Here’s an example of the difference in approach: a popular children’s Sunday school curriculum (which shall remain nameless) has a lesson on the story of Jonah with the theme that we should obey God (as well as our teachers, parents, and other authority figures). Is this really what the story of Jonah is all about? Turning to that story in The Bible Story Handbook, we see that, in context, the focus of the story is that God shows His compassion where He will…it is not earned and is never deserved.  He sometimes gives us a second chance even when we don’t deserve it. This turns the lesson from moralistic (“here’s what you need to do”) to God-centered (“here’s what God is like and how He goes about things”).

Next comes a brief (about 1.5 page) discussion of the  major interpretational issues: from the question of what type of fish swallowed Jonah (and does it matter?) to the Ninevite response (did they repent and become followers of God or is that reading too much into the text?). Then we have a short paragraph of historical background about Ninevah. Finally, the Waltons list several mistakes to avoid, such as turning Jonah into a great missionary or focusing on his “prejudice” against the Ninevites. Focusing on these things detracts from the major theological point of the book.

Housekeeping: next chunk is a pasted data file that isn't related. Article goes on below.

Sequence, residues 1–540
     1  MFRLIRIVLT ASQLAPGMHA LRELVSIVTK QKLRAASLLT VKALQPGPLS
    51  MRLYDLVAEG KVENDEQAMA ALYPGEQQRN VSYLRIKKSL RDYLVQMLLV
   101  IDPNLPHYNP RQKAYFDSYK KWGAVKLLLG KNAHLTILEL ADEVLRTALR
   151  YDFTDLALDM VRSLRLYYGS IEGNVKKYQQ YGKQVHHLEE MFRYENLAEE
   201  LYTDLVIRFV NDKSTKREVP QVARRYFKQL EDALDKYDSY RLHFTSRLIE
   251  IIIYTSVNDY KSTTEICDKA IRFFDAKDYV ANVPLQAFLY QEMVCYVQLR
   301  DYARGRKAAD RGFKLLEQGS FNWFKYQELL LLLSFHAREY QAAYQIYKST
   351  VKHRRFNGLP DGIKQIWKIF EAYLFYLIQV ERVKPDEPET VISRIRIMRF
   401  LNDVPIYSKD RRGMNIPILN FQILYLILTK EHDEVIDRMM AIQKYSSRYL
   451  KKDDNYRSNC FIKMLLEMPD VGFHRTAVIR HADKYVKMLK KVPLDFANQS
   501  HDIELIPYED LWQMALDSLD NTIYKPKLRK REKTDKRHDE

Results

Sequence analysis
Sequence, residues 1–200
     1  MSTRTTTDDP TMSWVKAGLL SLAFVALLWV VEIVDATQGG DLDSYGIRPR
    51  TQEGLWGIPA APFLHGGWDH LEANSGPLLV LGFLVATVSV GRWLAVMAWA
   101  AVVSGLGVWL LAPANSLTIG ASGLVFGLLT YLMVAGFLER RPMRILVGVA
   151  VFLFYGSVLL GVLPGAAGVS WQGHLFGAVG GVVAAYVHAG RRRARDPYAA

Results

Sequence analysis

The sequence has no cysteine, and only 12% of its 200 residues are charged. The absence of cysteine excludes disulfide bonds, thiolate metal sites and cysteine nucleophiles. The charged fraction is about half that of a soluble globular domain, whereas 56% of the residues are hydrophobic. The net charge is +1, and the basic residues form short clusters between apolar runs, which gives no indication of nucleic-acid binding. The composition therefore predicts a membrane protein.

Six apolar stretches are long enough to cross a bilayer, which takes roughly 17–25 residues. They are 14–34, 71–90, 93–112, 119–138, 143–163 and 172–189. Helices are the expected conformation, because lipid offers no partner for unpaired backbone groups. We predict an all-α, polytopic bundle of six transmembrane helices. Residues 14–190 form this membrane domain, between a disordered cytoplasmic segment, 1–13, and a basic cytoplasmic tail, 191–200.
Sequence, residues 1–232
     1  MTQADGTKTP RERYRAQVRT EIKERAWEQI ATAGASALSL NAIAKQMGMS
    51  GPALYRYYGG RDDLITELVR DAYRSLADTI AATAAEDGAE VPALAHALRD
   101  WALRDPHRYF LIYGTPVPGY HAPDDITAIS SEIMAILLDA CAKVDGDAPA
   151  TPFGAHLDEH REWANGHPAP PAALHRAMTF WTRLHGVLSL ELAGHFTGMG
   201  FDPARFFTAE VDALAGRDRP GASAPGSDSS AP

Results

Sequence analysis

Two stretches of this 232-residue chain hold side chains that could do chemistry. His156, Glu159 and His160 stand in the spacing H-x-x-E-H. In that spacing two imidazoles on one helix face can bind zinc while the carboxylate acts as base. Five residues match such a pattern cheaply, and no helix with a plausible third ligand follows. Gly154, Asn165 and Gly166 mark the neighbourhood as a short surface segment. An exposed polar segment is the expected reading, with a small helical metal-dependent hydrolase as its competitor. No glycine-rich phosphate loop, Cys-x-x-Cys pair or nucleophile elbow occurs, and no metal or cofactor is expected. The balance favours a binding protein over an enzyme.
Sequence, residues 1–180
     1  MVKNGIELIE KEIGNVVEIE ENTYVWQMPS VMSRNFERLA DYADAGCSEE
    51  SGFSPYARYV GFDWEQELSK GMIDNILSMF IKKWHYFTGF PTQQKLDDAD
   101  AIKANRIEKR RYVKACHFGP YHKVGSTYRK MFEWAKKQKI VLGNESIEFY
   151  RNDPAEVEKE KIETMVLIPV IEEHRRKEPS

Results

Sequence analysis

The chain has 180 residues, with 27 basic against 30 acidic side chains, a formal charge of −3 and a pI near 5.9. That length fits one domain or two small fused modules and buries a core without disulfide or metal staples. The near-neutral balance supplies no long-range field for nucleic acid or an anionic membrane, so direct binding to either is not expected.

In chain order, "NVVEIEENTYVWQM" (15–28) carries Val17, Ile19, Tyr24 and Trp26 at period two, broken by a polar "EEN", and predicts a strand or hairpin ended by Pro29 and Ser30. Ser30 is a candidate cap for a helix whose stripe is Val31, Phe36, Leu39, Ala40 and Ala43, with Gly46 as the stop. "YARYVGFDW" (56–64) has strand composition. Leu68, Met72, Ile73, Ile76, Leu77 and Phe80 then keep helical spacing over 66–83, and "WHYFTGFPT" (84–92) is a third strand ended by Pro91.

I’ve found it most helpful for me to use as a quick reference and supplement to other things our family does. For example, when reading about a particular event in Grandpa’s Box or our Bible reading, the kids sometimes have questions or want to learn more. I can quickly pull The Bible Story Handbook out, locate that story, and glean some great discussion points and background information just by quickly scanning through.

If we simply want to teach our children moralism, we can use something like Aesop’s Fables. On the other hand, if we want our children to know God, to understand how He works and how they can participate in His plan, we need to teach the Biblical narrative in context and according to the Author’s intent, instead of as a series of isolated events that offer moral instruction and encouragement. Whether planning lessons from scratch, supplementing other curriculum or material, or just using it to accompany family Bible reading and discussion, The Bible Story Handbook is a valuable tool in this process! I’ve found it very handy to have around.

Thanks so much to Crossway for providing a review copy to me! All opinions expressed are my own.

Subscribe to our mailing list for new posts, updates, and exclusive content!

* indicates required

Comments

  1. I am going to have to check this out. Thanks for sharing. Visiting from I Fellowship.

  2. Thanks for sharing this! I'm off to check it out 🙂 Happy I Fellowship day!

  3. This sounds really interesting, Kara! Thank you for sharing about it!

  4. Love the point here that you make that if we want to teach our children good morals, we can use Aesop. Good thing to note!I liked reading your thoughts on this one. Thanks for sharing!

Speak Your Mind

*

CommentLuv badge